Insomnia

The clock is ticking, ticking in the dark:
the incessant rambling of one who doesn't sleep.
Interrupting the hum of silence, it is the never-ending song
of tiresome monotony. And I cannot see its face;
I can only hear it. When will my consciousness fade
to dreaming? The red numbers of a digital clock

are glaring at me—12:31, 12:32, 12:33. This clock
is mocking me. Why am I afraid of the dark?
Fears harnessed for the night only to fade
by morning. One sheep, two sheep, three sheep (sleep!)
and the clock is still ticking, ticking; I face
the wall, humming my sleepless song.

And what good are lullabies and songs?
They do not work to trick the ticking clock,
or trick me into slumber. I cover my face;
it's too warm underneath the blankets—and too dark.
My mind is too filled with stories to sleep,
and I won't sleep for fear that they will fade.

Too filled with today, with shameful things that do not fade,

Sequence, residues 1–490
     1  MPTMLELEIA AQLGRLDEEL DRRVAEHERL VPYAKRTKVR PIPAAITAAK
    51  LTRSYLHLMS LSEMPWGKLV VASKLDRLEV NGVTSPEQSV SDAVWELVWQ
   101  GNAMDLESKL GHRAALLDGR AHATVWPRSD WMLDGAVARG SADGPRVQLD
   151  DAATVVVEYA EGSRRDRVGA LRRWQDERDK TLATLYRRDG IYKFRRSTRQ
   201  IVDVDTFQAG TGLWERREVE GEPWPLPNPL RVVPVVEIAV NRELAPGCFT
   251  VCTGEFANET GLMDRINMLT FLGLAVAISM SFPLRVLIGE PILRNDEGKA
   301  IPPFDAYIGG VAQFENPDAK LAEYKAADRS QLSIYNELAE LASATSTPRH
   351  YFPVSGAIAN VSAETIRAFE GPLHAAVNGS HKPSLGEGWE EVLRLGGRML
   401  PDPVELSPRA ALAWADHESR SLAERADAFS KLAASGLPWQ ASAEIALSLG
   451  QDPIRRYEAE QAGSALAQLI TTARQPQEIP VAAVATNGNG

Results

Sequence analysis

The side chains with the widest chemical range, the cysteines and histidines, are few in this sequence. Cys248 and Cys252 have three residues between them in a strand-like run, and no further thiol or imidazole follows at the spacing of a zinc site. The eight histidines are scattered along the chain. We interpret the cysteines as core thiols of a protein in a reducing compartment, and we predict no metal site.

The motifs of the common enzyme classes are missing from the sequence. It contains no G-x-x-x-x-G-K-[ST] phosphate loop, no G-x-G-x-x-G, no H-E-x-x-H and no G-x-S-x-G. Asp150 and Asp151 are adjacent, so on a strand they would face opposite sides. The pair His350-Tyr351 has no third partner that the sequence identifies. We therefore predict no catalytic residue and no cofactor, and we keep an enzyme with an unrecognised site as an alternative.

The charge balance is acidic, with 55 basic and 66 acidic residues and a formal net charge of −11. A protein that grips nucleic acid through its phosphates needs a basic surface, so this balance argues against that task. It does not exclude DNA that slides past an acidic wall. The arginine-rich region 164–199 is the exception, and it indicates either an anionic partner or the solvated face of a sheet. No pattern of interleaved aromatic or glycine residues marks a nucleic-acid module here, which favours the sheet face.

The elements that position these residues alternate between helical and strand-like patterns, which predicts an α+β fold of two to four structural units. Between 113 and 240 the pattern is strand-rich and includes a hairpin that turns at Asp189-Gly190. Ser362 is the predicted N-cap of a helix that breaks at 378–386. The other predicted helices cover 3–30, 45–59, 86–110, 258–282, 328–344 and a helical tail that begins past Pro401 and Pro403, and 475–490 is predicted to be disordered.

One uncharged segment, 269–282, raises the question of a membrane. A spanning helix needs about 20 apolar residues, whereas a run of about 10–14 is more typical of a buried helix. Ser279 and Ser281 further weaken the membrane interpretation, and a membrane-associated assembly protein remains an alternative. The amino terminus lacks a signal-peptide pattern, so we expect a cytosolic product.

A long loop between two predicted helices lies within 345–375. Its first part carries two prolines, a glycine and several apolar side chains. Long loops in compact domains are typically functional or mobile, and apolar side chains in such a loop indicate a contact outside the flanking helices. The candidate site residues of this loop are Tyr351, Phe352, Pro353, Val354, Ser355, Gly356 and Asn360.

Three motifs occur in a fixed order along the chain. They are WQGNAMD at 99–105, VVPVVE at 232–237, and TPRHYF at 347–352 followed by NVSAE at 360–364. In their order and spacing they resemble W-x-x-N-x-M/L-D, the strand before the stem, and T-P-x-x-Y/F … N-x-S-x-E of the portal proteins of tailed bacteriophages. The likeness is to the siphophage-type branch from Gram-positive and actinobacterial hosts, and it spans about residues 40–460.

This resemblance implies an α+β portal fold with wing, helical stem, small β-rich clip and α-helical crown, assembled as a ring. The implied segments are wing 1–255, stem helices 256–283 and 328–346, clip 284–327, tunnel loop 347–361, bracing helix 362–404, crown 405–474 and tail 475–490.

and are intertwined with the ticking, ticking of the clock's song.
What do I do? How will I fall sleep?
Five hours until I have to wake up. 1:58, 1:59, 2:00 o'clock.
Five more hours until it's light, not dark.
I close my eyes and see your face

because I miss it. I wonder if your face
has changed. The ticking, ticking of the clock has faded;
I hear the lonesome sound of a coyote in the dark.
A sorrowful howl, a mournful dirge, a melancholy song
for the waning moon—and it's my song. The clock
can never be my one melody: repeating, dull as sleep.

3:17, 3:18, 3:19 (I promised not to look) and still I can't sleep.
Four hours until I have to wake up. Dreams scratch the surface
of my mind, overcome the ticking, ticking of the clock,
beat the rising of the sun. And my stories begin to fade.
My worries are as far away as the coyote's song,
and as black and baffling as the ominous dark.

And this ticking, ticking clock is coaxed to sleep.
(And in the dark, I'll dream of faces.)
And slowly fades this restless sing-song.